A Snapshot of San Antonio During World War II.
Latino/a Stars & Raul Cortez

Even in the midst of war people craved entertainment. Throughout the 1940s, San Antonio's Latino community experienced a variety of new opportunities to enjoy top-notch Spanish-language movies, music and variety shows. On the Westside, Gaetano Lucchese remodeled the Teatro Nacional (1939) and opened the Guadalupe Theater (1942), drawing crowds with major motion pictures that would come to define the "Golden Age of Mexican Cinema." Meanwhile, impressarios (booking agents) Raul and Ramiro Cortez brought famous film, music, and radio stars from Mexico and Latin America to Municipal Auditorium for a variety of popular civic events, performances, and fundraisers. These events often featured military themes and included wartime appeals to donate blood or to buy war-bonds.

1944 became a star-studded year for San Antonio. January saw the arrival of several Latino/a singers and film stars, including Esther Fernandez, Paquita Estrada, Joaquin Pardave, Hermanos Huesca, and Cantinflas (Mario Moreno), who came to help Ramiro and Raul Cortez celebrate the 9th anniversary of their popular radio program, "La Hora Comercial Mexicana."33 Despite the fact that foreign language radio was monitored and severely limited during the war, Raul Cortez applied to establish his own English-Spanish radio station, KCOR, in 1944. He argued that he could use his station to help drum up support for the war effort, but it was not until 1946 that he finally received approval. When KCOR hit the airwaves, it became the first radio station in the U.S. owned and operated by a Latino.34

About this Image:
1) Marquee of the Teatro Nacional, located at the corner of W. Commerce and Santa Rosa, advertising a Pedro Infante film. Credit: Ignacio Torres.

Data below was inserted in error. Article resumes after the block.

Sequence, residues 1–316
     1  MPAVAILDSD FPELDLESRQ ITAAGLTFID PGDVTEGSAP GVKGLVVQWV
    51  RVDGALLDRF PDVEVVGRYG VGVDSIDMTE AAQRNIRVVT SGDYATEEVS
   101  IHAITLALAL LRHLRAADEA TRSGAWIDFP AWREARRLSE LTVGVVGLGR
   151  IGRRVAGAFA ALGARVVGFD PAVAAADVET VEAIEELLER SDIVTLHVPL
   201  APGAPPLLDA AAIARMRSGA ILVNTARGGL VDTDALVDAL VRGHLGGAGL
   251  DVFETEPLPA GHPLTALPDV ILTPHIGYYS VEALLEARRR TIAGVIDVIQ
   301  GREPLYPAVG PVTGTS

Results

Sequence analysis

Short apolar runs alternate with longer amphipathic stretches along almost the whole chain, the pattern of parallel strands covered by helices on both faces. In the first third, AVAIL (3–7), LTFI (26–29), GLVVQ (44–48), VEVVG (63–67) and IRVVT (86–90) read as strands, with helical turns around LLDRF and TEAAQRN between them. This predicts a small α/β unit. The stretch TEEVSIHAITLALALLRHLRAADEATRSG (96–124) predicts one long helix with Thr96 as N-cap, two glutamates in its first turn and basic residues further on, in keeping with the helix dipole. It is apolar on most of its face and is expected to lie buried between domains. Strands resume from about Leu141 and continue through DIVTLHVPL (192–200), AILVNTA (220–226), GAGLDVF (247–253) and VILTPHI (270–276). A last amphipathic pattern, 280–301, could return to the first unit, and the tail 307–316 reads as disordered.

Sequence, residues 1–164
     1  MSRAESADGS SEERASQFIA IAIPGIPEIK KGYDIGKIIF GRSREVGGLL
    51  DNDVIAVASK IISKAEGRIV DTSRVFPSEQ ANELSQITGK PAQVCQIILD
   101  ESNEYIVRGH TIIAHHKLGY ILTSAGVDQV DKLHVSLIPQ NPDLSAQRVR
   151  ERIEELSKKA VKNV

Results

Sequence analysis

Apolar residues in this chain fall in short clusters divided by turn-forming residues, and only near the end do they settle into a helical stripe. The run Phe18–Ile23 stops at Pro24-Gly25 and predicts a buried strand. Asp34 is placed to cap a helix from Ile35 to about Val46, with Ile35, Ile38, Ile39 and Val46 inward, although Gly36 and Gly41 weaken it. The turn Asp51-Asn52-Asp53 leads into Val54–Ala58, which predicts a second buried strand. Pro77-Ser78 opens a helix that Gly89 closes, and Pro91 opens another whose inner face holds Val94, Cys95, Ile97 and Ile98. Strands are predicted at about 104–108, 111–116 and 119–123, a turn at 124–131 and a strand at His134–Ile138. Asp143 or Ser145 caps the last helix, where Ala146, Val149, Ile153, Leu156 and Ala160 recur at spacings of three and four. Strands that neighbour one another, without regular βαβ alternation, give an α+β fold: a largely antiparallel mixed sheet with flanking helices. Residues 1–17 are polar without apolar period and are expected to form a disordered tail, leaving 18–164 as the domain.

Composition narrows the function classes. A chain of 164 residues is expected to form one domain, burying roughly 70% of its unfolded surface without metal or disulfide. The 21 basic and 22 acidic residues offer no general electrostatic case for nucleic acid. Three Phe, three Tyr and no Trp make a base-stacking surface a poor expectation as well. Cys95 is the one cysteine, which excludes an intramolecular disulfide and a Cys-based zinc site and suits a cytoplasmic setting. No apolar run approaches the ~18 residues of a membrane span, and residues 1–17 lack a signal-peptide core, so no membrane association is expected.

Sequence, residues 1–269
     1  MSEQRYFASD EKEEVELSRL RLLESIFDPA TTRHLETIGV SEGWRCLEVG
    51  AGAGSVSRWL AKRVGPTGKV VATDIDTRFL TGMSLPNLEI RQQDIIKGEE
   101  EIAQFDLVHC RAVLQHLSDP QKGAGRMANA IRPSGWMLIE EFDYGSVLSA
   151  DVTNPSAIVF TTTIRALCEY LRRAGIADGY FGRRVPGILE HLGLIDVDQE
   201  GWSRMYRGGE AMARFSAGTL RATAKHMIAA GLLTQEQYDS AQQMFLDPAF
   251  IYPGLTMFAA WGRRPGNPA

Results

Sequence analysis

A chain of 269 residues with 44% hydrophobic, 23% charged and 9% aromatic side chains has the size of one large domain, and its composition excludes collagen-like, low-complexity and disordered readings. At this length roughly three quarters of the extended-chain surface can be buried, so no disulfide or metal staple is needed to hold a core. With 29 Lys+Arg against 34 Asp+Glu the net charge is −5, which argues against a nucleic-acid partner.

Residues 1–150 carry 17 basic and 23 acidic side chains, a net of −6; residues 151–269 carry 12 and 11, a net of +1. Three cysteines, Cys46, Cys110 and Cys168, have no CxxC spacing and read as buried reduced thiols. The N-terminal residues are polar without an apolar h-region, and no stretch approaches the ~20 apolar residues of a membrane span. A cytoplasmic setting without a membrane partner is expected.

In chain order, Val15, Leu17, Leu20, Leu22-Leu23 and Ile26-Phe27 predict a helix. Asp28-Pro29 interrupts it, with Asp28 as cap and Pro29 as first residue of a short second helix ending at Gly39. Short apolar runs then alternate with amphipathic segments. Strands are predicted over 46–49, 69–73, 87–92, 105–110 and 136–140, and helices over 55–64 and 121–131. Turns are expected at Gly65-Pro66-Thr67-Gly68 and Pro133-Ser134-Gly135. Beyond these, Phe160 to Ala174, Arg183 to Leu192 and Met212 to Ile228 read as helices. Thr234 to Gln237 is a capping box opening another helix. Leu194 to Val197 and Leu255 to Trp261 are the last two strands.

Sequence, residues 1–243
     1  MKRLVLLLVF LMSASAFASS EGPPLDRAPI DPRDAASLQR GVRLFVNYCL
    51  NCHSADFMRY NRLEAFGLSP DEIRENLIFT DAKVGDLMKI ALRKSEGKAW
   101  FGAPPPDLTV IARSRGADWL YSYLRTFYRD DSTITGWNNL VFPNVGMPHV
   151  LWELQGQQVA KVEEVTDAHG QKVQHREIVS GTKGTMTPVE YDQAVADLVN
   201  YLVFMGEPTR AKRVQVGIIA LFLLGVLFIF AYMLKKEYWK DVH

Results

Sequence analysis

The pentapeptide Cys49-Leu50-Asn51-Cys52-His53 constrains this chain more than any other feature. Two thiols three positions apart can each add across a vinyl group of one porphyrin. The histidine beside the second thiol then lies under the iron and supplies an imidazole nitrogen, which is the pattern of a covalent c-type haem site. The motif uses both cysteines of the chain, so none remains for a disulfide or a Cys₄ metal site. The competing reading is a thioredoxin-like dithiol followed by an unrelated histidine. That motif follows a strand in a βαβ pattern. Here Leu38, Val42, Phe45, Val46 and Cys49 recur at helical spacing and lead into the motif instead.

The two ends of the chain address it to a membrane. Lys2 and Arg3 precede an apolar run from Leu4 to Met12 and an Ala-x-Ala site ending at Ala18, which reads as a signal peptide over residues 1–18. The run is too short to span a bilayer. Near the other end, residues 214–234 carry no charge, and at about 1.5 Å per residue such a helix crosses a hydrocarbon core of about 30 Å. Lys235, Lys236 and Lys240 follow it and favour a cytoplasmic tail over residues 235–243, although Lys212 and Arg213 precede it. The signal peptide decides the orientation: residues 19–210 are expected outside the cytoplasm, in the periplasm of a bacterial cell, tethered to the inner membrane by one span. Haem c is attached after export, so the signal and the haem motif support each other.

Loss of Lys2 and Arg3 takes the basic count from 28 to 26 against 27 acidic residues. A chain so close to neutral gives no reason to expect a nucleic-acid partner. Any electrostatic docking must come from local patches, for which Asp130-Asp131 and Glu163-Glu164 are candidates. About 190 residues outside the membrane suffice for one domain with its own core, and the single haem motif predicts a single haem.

2) Architects Atlee B. and Robert M. Ayres, George Willis, and Emmett Jackson designed San Antonio's Spanish Colonial Revival style auditorium, which was dedicated in 1926 as a memorial to WW I veterans. This photo features a view of the front (south) façade of the auditorium, which hosted a variety of large scale events for the Latino community. Photographer: Harvey Patteson.

3) A group photograph of cast of the Paco Miller Vaudeville Show taken in front of Municipal Auditorium. The various band members seated in front are already in costume. Several onlookers and children stand on the right side of the steps.

4) In his role as acting mayor in 1944, P.L. Anderson frequently met with visiting officials and entertainers. Esther Fernandez, a Mexican movie star, wears a fur coat while seated in Commissioner Anderson's office at City Hall. Behind her is a war propaganda poster titled, "Mexico por la libertad." by Jose Bribiesca.

5) Movie stars Esther Fernandez (left) and Mario Moreno Reyes (Cantinflas) (right) sit in the office of Commissioner P.L. Anderson in City Hall during their January visit.

6) The role of foreign language radio grew in the forties. Prior to Raul Cortez's establishment of KCOR, he bought time slots on other radio stations to host his show, "La hora Commercial Mexicana," as well as to promote various performers. In this photo, three singers stand beneath a studio microphone. Paco Miller, center, holds a stuffed toy rooster representing Panchito Pistoles from Disney's 1945 animated film, "The Three Caballeros."

To Learn More:
Courtesy of San Antonio Conservation Society Foundation.
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